The King Sejong Institute, which works with the Korean government to offer courses in Korean language, culture and history abroad, currently has 180 locations in 60 countries including Bahrain, the UAE, Egypt and Iran.
“The demand for learning Korean language and culture is continuously increasing”
“We started with 40 students in September 2016, increasing to around 200 in 2017, and 300 students 2018,” Chaerin Park, operational coordinator and Korean teacher at the King Sejong Institute in Manama, Bahrain told The PIE News.
“Some students were already interested in Korea, for instance, they were into K-dramas and K-pop. Others wanted to visit Korea or had already travelled to Korea, and others still want to study in Korea.”
“We have our regular courses at Ahlia University and we have elective courses at the University of Bahrain.” Park continued.
“This summer, we started a class at Bahrain Polytechnic as well. Now we’re expecting elective courses at Ahlia University and Bahrain Polytechnic hopefully from September.
“The demand for learning Korean language and culture is continuously increasing and we’re very happy about it.”
In addition to languages, the King Sejong Institute also offers classes on K-Pop dancing and Taekwondo.
“There are a number of institutes which offer Korean courses in Middle Eastern countries. Many of them are Korean government initiatives, and others are from the local universities,” Minji Seo, project manager at the Korea-Arab Society, told The PIE.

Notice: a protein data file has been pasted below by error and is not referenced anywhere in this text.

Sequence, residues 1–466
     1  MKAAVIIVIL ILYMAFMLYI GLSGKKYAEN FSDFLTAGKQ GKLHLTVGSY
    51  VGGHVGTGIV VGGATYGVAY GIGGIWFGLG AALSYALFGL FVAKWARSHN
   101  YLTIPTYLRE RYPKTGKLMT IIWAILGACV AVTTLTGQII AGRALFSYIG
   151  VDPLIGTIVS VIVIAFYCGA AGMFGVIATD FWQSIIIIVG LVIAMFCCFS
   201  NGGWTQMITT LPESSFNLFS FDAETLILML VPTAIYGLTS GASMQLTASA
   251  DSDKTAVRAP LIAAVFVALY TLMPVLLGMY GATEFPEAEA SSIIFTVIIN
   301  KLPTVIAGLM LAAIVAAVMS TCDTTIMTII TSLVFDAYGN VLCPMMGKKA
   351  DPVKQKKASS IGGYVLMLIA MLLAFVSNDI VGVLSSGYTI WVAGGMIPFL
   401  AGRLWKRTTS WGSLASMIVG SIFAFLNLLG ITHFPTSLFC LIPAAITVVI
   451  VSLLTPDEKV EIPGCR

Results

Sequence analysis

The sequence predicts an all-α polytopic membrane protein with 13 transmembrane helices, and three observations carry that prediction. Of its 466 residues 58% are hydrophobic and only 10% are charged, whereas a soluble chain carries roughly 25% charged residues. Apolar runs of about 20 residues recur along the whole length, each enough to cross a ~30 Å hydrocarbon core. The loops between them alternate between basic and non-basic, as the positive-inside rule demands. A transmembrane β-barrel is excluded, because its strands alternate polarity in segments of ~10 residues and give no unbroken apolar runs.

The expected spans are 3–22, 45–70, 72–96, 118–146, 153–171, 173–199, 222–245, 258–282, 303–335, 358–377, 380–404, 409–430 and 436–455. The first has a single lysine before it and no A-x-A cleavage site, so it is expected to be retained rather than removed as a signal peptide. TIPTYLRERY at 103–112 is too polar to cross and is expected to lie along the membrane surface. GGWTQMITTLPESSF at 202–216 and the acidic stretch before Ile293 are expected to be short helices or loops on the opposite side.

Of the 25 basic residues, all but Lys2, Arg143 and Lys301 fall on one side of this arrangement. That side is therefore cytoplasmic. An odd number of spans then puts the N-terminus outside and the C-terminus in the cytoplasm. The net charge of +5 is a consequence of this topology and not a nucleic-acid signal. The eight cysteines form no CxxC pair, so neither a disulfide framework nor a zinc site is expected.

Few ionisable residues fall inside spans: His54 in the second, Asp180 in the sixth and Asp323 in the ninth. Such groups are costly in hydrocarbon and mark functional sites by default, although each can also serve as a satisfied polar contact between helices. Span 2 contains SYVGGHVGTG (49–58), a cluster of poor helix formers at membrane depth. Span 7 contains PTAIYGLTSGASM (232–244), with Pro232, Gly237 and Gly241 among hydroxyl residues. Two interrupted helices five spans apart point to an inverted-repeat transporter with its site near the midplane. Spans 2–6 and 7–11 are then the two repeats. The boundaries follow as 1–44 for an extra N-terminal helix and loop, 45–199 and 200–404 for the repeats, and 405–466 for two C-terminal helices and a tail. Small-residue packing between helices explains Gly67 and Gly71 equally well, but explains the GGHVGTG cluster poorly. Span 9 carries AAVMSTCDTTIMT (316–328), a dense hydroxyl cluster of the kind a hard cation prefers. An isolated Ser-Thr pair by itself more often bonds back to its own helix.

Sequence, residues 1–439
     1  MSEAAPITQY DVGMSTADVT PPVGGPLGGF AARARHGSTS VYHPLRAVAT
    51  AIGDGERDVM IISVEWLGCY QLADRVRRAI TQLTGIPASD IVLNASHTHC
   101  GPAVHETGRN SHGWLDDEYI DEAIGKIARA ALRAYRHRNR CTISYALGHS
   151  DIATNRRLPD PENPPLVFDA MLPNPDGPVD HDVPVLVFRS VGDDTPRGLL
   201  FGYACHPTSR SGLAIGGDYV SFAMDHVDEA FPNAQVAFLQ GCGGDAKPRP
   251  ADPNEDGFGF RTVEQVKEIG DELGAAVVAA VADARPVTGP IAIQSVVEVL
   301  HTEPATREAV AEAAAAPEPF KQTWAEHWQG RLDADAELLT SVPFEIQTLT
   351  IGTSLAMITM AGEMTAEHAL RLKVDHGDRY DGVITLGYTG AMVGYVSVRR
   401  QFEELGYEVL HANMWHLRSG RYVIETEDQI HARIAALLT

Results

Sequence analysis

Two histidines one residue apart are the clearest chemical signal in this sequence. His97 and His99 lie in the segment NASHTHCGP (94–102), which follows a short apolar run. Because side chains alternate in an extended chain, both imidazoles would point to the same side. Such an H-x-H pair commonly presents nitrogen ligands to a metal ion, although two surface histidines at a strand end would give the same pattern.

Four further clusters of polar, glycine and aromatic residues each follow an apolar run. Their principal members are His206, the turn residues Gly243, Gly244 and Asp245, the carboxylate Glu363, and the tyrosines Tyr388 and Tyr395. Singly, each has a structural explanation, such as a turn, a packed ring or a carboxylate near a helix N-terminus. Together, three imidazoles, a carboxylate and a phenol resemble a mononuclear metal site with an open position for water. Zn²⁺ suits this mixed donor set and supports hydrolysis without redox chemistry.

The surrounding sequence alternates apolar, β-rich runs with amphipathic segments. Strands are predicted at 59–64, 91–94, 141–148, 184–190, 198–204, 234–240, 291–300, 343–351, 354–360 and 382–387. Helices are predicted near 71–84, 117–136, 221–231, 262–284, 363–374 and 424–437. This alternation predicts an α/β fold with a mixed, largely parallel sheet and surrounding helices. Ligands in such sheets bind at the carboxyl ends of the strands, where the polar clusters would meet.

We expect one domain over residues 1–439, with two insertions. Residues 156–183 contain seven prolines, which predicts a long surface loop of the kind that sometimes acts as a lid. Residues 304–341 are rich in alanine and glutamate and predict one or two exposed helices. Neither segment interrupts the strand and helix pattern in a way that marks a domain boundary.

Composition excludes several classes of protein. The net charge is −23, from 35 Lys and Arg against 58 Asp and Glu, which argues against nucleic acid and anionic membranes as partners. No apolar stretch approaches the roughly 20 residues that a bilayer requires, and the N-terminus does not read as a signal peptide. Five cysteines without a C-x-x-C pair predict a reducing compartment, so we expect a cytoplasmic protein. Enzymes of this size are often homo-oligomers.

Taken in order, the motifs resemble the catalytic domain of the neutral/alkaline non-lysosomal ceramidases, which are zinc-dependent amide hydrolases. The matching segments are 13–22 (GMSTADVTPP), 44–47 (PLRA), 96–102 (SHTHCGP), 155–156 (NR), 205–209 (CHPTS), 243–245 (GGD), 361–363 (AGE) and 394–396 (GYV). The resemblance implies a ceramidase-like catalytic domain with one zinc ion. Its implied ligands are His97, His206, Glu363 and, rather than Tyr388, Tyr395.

“In Saudi Arabia, there are Korean language courses in local universities like Prince Sultan University and King Saud University. There could be more considering the high demand, especially in women’s universities.”
Learning Arabic also became popular among students in South Korea, albeit for slightly different reasons.
In 2017, the Korean Herald reported that seven out of 10 students electing to sit a second foreign language test for the Suneung (College Scholastic Ability Test) chose Arabic.
Students had figured out that by picking a less popular language – instead of Chinese or Japanese – they stood to do better due to the exam’s relative grading system.
Despite only six high schools in the country offering the language, almost 52,000 students sat the Arabic exam that year.